if Option.isSome opts.DefaultValue then yield Props.DefaultValue opts.DefaultValue.Value :> IHTMLProp
if Option.isSome opts.ValueOrDefault then
    yield Props.Ref <| (fun e -> if e |> isNull |> not && !!e?value <> !!opts.ValueOrDefault.Value then e?value <- !!opts.ValueOrDefault.Value) :> IHTMLProp
if Option.isSome opts.Placeholder then yield Props.Placeholder opts.Placeholder.Value :> IHTMLProp
if Option.isSome opts.OnChange then yield DOMAttr.OnChange opts.OnChange.Value :> IHTMLProp
if Option.isSome opts.Ref then yield Prop.Ref opts.Ref.Value :> IHTMLProp

What's wrong with it?

  • The most important pitfall: It's unsafe, because you can easily write if Option.isNone opts.Ref then yield Prop.Ref opts.Ref.Value :> IHTMLProp or any code which test a value with isSome, but access another value in then... expression. It's just too error prone.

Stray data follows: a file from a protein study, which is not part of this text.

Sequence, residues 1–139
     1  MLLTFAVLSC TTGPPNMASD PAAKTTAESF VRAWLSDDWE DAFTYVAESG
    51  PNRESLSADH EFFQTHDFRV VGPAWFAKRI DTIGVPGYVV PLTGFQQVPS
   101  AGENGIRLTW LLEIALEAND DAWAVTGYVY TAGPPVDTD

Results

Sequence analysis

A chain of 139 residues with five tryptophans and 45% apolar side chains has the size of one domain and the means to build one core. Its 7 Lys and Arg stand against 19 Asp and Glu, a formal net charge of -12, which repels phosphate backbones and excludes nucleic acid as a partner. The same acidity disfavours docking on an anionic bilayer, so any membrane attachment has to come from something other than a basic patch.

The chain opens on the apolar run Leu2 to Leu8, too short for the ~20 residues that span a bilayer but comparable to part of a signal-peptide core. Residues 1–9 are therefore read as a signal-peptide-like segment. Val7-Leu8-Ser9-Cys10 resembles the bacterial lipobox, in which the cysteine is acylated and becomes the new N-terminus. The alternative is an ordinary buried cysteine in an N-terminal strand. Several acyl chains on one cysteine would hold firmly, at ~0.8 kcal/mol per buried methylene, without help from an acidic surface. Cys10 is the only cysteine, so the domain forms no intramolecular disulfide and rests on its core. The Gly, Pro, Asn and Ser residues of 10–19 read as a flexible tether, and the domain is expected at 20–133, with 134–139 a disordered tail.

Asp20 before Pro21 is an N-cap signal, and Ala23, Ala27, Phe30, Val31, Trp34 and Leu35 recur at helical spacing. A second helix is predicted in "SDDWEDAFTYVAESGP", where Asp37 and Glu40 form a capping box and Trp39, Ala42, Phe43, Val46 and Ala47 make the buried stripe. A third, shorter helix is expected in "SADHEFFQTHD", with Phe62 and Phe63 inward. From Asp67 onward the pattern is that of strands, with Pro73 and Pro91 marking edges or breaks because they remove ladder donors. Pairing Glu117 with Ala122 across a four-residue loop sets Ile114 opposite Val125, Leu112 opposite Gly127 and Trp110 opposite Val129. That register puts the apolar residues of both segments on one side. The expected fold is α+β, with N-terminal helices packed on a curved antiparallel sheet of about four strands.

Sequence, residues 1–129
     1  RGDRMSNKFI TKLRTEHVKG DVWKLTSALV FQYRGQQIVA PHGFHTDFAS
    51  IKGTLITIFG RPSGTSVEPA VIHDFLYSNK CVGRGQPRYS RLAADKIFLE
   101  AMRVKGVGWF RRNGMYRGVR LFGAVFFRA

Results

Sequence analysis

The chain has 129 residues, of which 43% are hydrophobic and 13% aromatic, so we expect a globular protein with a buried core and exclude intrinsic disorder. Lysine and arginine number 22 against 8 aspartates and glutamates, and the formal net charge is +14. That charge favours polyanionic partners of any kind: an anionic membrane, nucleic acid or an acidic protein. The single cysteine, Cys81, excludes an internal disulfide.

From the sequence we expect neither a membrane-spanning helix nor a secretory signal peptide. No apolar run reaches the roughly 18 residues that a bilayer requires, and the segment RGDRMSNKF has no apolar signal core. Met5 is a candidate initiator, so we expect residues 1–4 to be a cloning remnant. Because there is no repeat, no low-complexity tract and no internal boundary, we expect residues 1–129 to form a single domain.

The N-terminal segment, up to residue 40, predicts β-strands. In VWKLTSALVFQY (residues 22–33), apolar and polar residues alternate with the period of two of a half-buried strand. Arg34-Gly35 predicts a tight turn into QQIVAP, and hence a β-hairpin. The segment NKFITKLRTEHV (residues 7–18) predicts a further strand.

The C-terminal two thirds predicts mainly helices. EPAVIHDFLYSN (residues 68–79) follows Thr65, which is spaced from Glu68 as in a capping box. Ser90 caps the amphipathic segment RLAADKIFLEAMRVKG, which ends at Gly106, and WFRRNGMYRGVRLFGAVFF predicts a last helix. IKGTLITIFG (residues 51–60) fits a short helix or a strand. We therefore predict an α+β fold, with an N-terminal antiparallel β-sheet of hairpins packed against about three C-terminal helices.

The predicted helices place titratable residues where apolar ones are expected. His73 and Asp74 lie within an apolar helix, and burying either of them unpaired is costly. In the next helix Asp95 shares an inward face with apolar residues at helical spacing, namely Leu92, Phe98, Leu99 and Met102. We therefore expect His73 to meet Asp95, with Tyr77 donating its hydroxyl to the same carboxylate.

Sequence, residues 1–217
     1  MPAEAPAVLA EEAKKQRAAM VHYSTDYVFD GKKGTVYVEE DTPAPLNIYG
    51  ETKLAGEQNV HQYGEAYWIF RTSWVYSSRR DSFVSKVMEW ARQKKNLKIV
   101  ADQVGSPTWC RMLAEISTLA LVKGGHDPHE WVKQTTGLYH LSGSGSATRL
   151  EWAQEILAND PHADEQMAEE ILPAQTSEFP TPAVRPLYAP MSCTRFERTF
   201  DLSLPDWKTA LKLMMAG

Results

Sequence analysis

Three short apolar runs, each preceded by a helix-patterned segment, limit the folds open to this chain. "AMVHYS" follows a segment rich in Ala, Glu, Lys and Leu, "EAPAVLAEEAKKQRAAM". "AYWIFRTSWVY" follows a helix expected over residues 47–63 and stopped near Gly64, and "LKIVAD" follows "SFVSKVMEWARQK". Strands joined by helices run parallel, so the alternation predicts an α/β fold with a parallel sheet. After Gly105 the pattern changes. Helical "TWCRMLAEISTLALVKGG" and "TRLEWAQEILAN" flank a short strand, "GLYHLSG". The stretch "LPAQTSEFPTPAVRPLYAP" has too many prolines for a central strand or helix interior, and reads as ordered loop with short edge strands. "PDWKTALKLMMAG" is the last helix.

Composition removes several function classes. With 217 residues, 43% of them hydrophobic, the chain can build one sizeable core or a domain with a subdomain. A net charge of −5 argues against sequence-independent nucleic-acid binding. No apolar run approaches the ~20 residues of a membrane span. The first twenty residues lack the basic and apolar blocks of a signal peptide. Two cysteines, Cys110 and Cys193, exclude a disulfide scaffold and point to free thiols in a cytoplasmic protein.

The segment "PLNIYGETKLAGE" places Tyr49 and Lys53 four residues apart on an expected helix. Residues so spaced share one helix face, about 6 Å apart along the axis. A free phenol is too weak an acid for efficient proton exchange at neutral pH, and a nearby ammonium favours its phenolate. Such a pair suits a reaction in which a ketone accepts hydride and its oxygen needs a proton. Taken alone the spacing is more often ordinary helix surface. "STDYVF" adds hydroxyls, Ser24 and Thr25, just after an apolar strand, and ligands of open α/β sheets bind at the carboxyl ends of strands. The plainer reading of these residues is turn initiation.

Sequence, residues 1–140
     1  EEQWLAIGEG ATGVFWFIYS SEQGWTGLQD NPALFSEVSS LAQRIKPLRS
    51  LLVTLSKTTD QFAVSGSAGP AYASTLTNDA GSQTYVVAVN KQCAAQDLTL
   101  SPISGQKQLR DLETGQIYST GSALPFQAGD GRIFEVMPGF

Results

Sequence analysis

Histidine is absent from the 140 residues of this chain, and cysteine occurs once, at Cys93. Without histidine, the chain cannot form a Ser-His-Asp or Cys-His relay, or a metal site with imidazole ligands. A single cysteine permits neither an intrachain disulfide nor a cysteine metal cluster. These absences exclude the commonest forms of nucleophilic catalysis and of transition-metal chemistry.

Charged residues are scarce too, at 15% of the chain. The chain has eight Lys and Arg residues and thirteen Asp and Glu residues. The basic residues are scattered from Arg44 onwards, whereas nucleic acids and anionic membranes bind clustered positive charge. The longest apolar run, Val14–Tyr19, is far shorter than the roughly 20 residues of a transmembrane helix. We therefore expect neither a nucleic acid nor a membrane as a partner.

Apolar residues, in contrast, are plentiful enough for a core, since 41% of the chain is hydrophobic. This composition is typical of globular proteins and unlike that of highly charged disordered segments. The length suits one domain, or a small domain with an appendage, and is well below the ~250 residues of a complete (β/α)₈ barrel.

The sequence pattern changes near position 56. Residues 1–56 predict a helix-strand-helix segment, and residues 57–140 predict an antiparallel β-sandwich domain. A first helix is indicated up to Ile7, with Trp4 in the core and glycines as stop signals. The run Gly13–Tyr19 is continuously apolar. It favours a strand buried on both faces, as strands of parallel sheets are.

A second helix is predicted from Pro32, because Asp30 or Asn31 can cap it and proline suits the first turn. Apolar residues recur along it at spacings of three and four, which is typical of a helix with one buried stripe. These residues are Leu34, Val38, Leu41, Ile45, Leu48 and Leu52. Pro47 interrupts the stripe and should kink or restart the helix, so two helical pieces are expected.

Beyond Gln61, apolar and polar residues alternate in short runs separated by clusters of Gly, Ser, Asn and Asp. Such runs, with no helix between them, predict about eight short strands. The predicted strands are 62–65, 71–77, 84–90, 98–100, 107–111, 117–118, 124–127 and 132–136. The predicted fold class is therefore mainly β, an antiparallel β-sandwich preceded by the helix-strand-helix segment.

• Far less important, but still: It's more verbose that it should be.

You say there are already too many ways to destruct values. Yes, but there is no one suitable for this particular case. Personally, I'd write it as match opts.Id with Some id -> yield Props.Id id :> IHTMLProp | None -> () (or | _ -> ()), but it's just boilerplate-full and it's clear that we do someting imperative (kind of) here anyway: we yield if it's Some, and we do nothing, if it's None. Computation expressions blur the line between pure and side effectfull code though, so if F# does not have CEs, I'd not propose this at all. But inside CEs this seems to works very nicely.

I ask you to write a variant of the following code, which will 1. Safe 2. Reasonably short. You can define helper functions if you need (you cannot define custom CE operations, because the code must work inside list/array/seq expressions).